In a debate titled “Academic Freedom, Safe Spaces, Dissent, and Dignity” at last weeks Aspen Ideas Summit, a panel of administrators and faculty from several liberal universities discussed the impact that bureaucratic college administrations has had in stifling free speech and promoting a culture of safe spaces at colleges throughout the United States.

Stephen Carter, an American law professor at Yale University and self-described “First Amendment absolutist,” argued that the increased presence of administrators and influence of social media have caused free speech to become a controversial topic at many universities.

Carter said that the increased campus bureaucracies, including heightened involvement of administrators who “don’t come from a background of academic freedom,” but instead seek to “damp down problems,” has simply caused the problem to worsen.

Here’s the full quote, courtesy of The Atlantic:

There is an enormous amount of administrators on college campuses now, many of whom, most of whom, they’re not trained historians, they don’t come from a background of academic freedom, they come from a background of being trained in administration, their job is to damp down problems.

They have no sense of the mission of a university.

There’s a huge problem, there are many schools where administration has grown faster than faculty.

Additionally, Carter went on to talk about how the development of technology and social media over the past several years has helped “ramp up emotions” and shift the focus away from academic freedom which Carter describes as important to a healthy environment at higher educational institutions.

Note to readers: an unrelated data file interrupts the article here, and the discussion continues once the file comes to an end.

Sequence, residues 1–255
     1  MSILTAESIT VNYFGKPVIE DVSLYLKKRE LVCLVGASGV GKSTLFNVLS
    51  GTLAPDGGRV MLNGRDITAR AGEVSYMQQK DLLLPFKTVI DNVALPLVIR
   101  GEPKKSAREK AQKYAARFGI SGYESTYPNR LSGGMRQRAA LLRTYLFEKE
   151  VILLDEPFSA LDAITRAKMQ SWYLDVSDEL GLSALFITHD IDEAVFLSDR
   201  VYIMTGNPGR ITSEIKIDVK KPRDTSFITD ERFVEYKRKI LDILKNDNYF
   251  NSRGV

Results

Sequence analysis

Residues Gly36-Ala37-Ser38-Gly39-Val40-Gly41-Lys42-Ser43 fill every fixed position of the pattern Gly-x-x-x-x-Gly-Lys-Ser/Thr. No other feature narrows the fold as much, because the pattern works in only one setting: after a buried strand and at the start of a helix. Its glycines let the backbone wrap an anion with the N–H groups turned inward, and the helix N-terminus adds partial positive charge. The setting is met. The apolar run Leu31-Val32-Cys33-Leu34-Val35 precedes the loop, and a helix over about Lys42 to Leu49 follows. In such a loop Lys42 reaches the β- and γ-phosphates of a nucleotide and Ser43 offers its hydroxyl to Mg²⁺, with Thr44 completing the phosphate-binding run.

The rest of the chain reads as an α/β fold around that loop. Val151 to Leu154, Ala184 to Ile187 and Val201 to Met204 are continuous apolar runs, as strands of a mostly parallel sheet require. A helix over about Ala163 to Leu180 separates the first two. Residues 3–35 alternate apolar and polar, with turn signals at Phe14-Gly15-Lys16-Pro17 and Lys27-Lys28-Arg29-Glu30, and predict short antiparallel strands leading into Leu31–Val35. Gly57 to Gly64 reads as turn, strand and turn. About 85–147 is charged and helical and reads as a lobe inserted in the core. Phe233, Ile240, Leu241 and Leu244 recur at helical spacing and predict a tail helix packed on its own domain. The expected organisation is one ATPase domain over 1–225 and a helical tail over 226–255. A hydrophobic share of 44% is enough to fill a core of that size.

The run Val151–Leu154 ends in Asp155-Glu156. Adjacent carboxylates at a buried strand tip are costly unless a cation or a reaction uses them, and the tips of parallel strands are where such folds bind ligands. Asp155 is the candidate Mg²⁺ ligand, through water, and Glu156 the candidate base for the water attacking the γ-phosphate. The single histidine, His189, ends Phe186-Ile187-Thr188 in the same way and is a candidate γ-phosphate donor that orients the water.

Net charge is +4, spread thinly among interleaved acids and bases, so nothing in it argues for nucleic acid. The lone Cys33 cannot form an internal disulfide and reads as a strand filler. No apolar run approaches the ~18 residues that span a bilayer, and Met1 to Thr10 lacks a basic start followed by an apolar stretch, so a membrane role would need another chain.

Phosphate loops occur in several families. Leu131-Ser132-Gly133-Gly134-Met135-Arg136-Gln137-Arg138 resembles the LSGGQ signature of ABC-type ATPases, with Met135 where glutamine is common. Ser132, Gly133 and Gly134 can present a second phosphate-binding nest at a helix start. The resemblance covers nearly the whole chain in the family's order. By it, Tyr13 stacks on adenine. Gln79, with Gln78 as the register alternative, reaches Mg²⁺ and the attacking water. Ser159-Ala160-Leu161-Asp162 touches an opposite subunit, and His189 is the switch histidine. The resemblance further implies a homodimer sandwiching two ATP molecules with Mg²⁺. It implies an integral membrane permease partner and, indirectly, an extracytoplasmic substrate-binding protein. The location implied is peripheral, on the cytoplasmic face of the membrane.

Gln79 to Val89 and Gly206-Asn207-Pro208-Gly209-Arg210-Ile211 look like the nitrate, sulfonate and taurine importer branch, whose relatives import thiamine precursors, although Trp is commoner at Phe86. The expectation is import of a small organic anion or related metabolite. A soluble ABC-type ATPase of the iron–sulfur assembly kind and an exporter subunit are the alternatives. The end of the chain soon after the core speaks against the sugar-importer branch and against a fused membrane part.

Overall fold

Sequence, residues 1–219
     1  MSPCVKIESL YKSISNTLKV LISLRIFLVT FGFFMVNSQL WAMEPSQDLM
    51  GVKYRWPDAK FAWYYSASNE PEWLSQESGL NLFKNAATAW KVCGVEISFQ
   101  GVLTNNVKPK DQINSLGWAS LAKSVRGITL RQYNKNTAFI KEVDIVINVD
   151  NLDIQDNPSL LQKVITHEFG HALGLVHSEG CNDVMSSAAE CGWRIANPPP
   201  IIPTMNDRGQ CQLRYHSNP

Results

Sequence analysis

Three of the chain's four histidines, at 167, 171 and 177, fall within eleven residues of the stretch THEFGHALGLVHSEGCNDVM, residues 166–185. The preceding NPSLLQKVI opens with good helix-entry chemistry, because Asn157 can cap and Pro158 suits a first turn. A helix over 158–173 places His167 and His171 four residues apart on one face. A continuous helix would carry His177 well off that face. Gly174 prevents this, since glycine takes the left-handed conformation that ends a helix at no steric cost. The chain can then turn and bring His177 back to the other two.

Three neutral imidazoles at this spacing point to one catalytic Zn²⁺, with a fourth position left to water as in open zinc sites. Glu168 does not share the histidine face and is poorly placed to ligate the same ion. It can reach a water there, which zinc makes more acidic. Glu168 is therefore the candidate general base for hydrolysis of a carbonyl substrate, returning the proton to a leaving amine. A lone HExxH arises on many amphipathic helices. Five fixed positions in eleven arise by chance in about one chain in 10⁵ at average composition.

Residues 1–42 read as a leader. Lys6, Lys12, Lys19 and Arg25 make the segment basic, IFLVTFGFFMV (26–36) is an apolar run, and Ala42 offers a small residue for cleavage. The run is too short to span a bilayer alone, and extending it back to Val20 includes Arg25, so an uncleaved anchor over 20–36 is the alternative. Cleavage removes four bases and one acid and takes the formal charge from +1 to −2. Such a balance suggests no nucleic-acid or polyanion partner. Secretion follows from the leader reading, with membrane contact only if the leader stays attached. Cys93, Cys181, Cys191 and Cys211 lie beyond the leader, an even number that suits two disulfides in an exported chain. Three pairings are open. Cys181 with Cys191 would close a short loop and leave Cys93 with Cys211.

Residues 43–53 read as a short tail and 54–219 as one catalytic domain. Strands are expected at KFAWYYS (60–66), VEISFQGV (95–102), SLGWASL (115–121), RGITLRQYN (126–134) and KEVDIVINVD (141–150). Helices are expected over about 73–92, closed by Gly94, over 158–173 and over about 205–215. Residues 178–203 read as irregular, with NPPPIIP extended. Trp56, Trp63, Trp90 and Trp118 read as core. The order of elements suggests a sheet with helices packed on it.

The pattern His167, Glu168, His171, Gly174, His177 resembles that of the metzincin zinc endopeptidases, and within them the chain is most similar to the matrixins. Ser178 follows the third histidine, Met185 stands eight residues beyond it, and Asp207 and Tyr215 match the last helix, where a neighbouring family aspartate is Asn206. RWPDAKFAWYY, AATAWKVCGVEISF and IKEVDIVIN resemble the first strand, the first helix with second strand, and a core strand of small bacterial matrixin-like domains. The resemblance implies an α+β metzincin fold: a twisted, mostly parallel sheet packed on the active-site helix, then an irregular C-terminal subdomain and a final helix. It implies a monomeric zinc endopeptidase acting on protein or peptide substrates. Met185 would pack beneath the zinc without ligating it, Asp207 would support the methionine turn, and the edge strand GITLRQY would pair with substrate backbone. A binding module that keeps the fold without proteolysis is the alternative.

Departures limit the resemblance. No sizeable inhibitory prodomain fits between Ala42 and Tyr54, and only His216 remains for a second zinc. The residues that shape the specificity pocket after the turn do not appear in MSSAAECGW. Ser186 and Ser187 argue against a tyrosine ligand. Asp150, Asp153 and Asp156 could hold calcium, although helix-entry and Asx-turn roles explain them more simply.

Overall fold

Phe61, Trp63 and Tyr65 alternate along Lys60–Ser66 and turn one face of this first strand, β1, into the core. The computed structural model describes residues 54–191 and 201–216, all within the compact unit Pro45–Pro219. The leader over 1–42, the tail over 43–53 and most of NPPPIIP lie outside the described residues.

“The notion that we’re going to start taking ideas off the table because we don’t like them is enormously dangerous and threatens the enterprise,” Carter said.

Pundit Kirsten Powers was also on the panel, and agreed with Carter that the growing threat against free speech on college campuses has become a serious problem.

“They’re learning that they have a right to protect themselves from speech,” Powers remarked. “And it’s up to professors to teach them that the way you respond when offended is to argue and make your case.”

Michael S. Roth, the president of Wesleyan University, pushed back against Carter and Powers, saying that it’s “crazy” to think that social change occurs through civil discussion.

While Carter admitted that it is sometimes necessary to “take to the streets” to achieve your goals, he pointed out that it’s not always the case on college campuses. “I think on a university campus, the way that you teach, the way that you learn, the way that you progress, is through conversation,” he said.

“When we say the cure for speech is more speech, it’s not a slogan, it’s not a way of escaping hard issues, it’s a way of embracing hard issues, it’s a way of saying, if this is really so terrible, that’s exactly the reason to talk about it,” Carter concluded.

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